• The only formative and summative assessment approach based on faculty and other educational professional judgment and evaluation of quality of student work against broadly shared standards of achievement [DQP (Degree Qualifications Profile) and ELOs (Essential Learning Outcomes)];
  • Robust and actionable assessment evidence that can be used by students, faculty, programs, institutions, states and consortia to enhance student learning achievement, as well as reporting for accountability and accreditation; 
  • An assessment tool that faculty scorers report as valid and useful metrics for evaluating specified learning outcomes;
  • An ability potentially to cross-reference the VALUE direct assessments of learning with the NSSE (National Survey of Student Engagement) indirect measures of student learning to increase the evidence of learning;
  • An ability to track student learning growth and achievement over time,e.g. through guided learning pathways, and transfer between 2- and 4-year institutions, etc.

What will it cost to participate through the VALUE Institute? The VALUE Institute is a fee for service opportunity similar to the NSSE (National Survey of Student Engagement) model. Click here for more information.

What will institutions receive as participants in the VALUE Institute?

Reports and data:

  • Your institution’s raw data file with scoring results for each student artifact submitted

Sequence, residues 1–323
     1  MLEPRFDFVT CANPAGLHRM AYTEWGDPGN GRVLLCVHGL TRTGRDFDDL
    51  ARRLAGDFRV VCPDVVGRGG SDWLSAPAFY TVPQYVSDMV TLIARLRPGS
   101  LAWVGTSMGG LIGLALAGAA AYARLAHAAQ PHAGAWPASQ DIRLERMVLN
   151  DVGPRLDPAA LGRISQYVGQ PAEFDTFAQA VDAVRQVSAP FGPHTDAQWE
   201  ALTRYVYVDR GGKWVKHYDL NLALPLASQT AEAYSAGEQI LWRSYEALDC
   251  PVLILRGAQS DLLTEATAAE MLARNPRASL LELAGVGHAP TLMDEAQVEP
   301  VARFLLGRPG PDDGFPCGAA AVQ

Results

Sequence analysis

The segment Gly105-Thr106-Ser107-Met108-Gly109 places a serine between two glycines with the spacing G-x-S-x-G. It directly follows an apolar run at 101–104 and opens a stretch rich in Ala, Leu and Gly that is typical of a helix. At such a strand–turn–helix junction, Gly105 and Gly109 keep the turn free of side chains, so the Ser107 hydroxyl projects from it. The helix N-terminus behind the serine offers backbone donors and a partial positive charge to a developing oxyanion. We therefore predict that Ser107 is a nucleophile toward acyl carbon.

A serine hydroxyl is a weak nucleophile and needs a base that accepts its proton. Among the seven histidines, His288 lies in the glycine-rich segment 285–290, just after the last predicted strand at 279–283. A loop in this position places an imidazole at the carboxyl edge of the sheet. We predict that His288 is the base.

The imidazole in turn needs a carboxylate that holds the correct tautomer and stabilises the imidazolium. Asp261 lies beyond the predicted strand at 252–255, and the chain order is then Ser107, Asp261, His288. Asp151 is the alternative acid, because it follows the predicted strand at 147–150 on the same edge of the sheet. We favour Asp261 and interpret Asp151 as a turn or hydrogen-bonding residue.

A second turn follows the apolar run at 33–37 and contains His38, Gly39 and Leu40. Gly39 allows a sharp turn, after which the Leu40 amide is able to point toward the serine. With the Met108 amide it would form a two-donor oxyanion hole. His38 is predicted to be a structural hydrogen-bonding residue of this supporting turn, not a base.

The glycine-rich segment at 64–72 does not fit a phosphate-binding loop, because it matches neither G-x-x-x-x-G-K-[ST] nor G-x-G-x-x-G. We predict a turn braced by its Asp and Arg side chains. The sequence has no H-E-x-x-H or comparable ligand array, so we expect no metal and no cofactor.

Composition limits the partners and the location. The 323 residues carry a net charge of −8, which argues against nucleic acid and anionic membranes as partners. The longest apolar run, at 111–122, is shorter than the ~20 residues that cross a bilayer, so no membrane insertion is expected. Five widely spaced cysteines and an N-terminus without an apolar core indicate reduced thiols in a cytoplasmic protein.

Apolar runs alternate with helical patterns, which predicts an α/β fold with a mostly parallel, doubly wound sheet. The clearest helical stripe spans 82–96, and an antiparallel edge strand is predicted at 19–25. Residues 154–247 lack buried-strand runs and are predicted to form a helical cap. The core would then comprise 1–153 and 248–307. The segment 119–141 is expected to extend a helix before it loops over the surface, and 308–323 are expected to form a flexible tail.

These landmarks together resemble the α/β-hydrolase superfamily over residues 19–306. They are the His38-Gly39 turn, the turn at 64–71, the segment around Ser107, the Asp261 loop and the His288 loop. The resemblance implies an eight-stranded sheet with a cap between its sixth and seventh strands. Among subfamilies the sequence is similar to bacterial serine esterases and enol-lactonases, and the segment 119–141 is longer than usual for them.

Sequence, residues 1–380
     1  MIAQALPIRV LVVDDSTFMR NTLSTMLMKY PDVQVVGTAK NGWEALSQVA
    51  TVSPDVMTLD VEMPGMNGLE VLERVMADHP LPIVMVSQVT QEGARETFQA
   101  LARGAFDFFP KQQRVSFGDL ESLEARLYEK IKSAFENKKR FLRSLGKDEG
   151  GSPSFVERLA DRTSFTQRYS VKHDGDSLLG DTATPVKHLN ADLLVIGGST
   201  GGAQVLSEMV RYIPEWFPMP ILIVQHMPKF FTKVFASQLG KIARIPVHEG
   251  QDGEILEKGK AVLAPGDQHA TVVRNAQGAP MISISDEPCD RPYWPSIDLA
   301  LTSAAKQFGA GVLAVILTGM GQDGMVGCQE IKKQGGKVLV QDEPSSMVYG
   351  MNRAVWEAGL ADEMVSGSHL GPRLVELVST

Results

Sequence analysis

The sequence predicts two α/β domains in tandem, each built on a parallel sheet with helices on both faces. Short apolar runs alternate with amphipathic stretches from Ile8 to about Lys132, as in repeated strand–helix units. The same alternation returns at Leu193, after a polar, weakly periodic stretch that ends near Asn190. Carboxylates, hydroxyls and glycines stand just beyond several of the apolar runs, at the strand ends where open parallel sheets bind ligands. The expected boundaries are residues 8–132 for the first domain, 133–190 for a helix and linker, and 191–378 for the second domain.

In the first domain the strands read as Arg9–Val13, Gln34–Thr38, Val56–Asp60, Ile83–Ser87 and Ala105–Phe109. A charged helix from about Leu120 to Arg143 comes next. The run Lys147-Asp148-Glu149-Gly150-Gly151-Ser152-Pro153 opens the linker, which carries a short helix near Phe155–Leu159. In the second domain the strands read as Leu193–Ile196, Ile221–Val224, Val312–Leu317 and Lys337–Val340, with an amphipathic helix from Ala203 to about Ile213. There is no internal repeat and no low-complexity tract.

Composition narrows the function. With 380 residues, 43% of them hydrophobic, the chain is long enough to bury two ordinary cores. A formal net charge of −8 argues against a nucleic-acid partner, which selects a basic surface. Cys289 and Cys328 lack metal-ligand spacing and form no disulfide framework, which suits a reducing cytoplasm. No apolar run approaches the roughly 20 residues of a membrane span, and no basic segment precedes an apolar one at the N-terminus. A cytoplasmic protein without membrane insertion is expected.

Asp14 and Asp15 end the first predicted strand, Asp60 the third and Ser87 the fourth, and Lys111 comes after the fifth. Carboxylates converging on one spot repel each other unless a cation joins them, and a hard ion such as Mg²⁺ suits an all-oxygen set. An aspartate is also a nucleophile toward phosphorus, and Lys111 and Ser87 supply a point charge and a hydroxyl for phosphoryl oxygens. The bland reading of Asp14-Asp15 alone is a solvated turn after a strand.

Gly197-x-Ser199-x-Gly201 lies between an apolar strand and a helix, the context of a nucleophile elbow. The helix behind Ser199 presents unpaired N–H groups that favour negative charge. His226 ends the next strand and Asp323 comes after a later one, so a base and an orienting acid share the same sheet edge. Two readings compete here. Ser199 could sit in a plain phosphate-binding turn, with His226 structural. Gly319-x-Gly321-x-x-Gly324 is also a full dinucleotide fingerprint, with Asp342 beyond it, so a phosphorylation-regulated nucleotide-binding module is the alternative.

• A report of your institution’s aggregated scoring data for each dimension of each learning outcome for which artifacts submitted
  • A report on the aggregated results for student work submitted by all institutions for each dimension of each learning outcome
  • A report of aggregated results broken out for 2- and 4-year institutions.
  • Reports on aggregated results for select demographic variables, e.g. race, gender, etc.
  • Templates for reporting and displaying your institutions own results from the institutional raw data file.

How does the VALUE Institute meet institutional needs?

  • As of December 2015, the rubrics have been accessed by more than 42,000 individuals from more than 4,200 unique institutions, including schools and professional associations both domestic and international;
  • More than 3,200 colleges and universities, domestic and international, have accessed VALUE rubrics since release in 2009;
  • Wide use of VALUE rubrics across AAC&U’s 1350 member institutions;
  • The VALUE rubrics have been approved for use in meeting national standards for accountability established by the Voluntary System of Accountability (VSA); 
  •  VALUE rubric assessment results are accepted in all six of the regional accrediting areas as meeting direct assessment evidence of student learning achievement;
  • Substantial research capacity for disaggregating data on direct evidence of learning through use of VALUE assessments that both can guide and assist those working to develop equity-minded pedagogical actions, e.g guided learning pathways, within and across institutional boundaries.

[1] Current work has been completed with support from the Bill and Melinda Gates and Spencer Foundations.